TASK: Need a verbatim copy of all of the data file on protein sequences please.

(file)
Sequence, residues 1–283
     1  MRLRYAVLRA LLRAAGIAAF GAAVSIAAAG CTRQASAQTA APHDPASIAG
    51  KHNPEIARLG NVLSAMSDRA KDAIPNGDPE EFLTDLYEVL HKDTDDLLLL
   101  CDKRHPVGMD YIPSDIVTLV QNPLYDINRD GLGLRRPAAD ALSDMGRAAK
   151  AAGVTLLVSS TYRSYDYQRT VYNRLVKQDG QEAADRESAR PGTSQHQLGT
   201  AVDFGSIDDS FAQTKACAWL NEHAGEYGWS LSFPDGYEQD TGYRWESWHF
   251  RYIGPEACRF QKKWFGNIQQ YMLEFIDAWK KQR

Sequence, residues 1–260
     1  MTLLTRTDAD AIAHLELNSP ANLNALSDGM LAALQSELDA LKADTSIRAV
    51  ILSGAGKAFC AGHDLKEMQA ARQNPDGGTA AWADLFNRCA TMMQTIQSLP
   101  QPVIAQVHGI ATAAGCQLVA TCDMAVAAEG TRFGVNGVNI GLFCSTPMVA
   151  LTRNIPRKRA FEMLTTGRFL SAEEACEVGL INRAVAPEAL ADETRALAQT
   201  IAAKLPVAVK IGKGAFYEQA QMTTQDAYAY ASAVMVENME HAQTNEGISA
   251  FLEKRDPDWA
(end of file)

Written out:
Sequence, residues 1–283
     1  MRLRYAVLRA LLRAAGIAAF GAAVSIAAAG CTRQASAQTA APHDPASIAG
    51  KHNPEIARLG NVLSAMSDRA KDAIPNGDPE EFLTDLYEVL HKDTDDLLLL
   101  CDKRHPVGMD YIPSDIVTLV QNPLYDINRD GLGLRRPAAD ALSDMGRAAK
   151  AAGVTLLVSS TYRSYDYQRT VYNRLVKQDG QEAADRESAR PGTSQHQLGT
   201  AVDFGSIDDS FAQTKACAWL NEHAGEYGWS LSFPDGYEQD TGYRWESWHF
   251  RYIGPEACRF QKKWFGNIQQ YMLEFIDAWK KQR

Sequence, residues 1–260
     1  MTLLTRTDAD AIAHLELNSP ANLNALSDGM LAALQSELDA LKADTSIRAV
    51  ILSGAGKAFC AGHDLKEMQA ARQNPDGGTA AWADLFNRCA TMMQTIQSLP
   101  QPVIAQVHGI ATAAGCQLVA TCDMAVAAEG TRFGVNGVNI GLFCSTPMVA
   151  LTRNIPRKRA FEMLTTGRFL SAEEACEVGL INRAVAPEAL ADETRALAQT
   201  IAAKLPVAVK IGKGAFYEQA QMTTQDAYAY ASAVMVENME HAQTNEGISA
   251  FLEKRDPDWA